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Business and financeGulliver

British Airways’ franchisee in South Africa throws off two black passengers

IN THE latest—and possibly most alarming—in a recent string of allegations of racism against airlines, two black musicians claim they were downgraded from business class on a British Airways-branded flight in South Africa to make room for a white woman. Thabo Mabogwane and Bongani Mohosana, a South African musical duo known as Black Motion, purchased business-class tickets for a flight on December 4th from Cape Town to Johannesburg on the South African-based Comair, branded in British Airways’ colours. They wrote on Instagram, a social-media website, that a white woman in business class complained that her seat was broken, and they “happened to be the only two young black men in the British airline business class.” They were asked to move to economy class, and when they complained they were told to leave the plane, both claim.

The airline denied to the Continue reading

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Business and financeGulliver

America’s culture wars are spreading to hotels

CHOOSING a hotel for a trip is generally seen as an apolitical decision. In contrast, restaurants and cafes have sometimes taken on an ideological tinge, with conservatives mocking liberals for their latte coffees, and liberals ribbing conservatives for their deep-fried everything and well-done steaks. But for most hotel users, location and good wi-fi matter more than the ideology of the owners. In some places that now appears to be changing: a trend turbocharged since the arrival of Donald Trump, an owner of an international hotel brand, in politics.

Suddenly the new Trump International Hotel in Washington, DC—on the same street as the White House and Capitol building—became the most politically-charged building in the city, if not the country. Celebrity chefs scrapped their plans to open restaurants there after Mr Trump made incendiary comments about Mexicans. Meanwhile, organisations such as the Kuwaiti embassy Continue reading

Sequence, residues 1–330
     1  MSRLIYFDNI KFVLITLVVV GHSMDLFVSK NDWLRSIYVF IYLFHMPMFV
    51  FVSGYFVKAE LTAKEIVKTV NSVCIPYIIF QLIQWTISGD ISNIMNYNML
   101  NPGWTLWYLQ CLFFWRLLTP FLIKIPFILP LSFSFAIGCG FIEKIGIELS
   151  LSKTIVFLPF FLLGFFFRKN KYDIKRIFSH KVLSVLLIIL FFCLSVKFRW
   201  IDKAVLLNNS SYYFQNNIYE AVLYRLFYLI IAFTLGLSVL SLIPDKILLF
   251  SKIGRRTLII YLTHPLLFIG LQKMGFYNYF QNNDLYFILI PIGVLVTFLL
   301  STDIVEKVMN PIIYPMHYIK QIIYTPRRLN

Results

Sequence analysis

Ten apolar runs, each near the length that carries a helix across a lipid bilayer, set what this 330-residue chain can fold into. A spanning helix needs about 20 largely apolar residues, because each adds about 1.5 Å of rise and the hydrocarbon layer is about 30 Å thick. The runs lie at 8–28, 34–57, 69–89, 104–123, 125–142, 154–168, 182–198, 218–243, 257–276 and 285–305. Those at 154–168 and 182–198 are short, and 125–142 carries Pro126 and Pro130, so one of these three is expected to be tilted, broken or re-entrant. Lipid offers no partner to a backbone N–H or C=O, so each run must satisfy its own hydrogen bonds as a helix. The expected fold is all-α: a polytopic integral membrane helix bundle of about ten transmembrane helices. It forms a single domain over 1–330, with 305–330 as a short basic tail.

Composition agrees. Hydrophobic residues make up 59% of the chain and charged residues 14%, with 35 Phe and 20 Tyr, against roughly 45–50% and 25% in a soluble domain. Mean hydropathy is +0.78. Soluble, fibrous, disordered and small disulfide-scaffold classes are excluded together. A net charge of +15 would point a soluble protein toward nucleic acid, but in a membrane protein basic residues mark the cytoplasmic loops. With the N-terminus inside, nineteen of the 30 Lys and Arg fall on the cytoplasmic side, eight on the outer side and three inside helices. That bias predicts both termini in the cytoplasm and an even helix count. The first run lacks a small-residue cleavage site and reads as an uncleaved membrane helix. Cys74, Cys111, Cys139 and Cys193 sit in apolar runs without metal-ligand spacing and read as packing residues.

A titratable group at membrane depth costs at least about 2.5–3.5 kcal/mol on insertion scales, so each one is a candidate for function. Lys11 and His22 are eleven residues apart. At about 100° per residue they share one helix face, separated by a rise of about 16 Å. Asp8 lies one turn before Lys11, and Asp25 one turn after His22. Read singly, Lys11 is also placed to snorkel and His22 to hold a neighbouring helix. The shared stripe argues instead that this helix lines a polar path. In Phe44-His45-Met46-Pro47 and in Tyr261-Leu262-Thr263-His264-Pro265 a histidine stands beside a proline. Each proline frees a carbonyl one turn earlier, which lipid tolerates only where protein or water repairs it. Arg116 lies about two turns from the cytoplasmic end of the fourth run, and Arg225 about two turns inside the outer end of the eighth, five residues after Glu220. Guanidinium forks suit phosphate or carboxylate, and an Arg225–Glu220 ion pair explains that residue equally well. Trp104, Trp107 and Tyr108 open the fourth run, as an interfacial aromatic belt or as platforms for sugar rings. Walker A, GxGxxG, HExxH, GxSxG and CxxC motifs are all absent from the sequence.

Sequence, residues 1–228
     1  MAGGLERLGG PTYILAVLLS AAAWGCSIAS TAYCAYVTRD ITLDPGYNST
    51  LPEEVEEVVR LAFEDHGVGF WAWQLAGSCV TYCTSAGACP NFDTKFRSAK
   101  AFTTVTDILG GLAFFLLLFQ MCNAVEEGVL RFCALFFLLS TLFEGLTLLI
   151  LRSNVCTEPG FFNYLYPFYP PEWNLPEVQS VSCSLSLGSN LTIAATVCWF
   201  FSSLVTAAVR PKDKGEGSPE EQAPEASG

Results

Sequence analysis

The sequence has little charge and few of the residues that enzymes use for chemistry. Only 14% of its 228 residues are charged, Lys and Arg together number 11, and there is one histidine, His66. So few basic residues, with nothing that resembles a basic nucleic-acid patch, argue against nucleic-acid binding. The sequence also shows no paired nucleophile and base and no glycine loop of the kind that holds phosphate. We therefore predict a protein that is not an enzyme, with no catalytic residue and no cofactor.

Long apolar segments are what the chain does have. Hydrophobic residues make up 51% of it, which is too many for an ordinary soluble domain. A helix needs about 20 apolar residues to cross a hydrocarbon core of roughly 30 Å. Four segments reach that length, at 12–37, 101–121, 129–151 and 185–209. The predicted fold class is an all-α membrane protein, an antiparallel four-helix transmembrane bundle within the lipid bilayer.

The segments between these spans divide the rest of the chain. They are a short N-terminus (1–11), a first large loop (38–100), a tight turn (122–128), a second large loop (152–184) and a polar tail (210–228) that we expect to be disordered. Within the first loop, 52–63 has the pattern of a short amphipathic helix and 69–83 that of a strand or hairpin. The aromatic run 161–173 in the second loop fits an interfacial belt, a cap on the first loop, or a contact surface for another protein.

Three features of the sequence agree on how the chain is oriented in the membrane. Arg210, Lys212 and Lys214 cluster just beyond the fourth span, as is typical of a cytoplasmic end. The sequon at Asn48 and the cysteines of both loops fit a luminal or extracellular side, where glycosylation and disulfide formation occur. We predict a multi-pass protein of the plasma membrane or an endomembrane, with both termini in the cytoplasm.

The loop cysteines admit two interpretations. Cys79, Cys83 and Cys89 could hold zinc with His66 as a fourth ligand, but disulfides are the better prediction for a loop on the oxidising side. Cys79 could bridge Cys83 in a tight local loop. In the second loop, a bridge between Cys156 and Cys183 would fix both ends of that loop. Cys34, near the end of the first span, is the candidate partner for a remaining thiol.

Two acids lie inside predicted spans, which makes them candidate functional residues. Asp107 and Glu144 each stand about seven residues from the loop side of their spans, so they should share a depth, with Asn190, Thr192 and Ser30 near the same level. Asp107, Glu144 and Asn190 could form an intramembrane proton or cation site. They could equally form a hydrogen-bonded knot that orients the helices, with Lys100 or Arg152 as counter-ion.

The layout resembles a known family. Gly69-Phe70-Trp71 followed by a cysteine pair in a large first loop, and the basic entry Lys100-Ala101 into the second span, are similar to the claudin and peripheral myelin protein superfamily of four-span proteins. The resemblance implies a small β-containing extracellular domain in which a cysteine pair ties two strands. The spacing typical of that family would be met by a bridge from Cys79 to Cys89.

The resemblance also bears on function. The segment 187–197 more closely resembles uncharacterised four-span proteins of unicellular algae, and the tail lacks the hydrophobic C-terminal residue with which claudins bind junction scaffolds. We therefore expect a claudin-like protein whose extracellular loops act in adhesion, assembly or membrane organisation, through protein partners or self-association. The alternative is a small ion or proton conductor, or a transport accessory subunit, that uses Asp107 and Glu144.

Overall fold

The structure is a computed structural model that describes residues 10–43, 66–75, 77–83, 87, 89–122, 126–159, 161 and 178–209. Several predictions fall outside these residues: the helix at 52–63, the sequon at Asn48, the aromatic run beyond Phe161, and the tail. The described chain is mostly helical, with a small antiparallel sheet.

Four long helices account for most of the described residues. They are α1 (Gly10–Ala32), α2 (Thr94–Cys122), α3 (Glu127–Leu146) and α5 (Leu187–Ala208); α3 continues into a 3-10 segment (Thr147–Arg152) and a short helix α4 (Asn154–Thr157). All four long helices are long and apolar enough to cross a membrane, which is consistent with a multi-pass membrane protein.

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Business and financeGulliver

Hotels are finding out what amenities guests really want

IT HAS been more than once that Gulliver has found himself putting the incorrect electrical plug into the wrong socket or dock at a hotel—whether it be for a smartphone, laptop or shaver. Since such gadgets have proliferated, the hotel industry too has been confused about what facilities they should offer to service weary travellers. But after much trial and error, hotels finally seem to be figuring out which amenities guests truly value—and which ones are little more than gimmicks.

The latest survey of American hotels from the American Hotel and Lodging Association, an industry group, reveals a plethora of shifts in the hospitality industry, including the rapid disappearance of smoking rooms. But when it comes to gadgets, the trends are particularly interesting, since they are not always in the direction of more technology.

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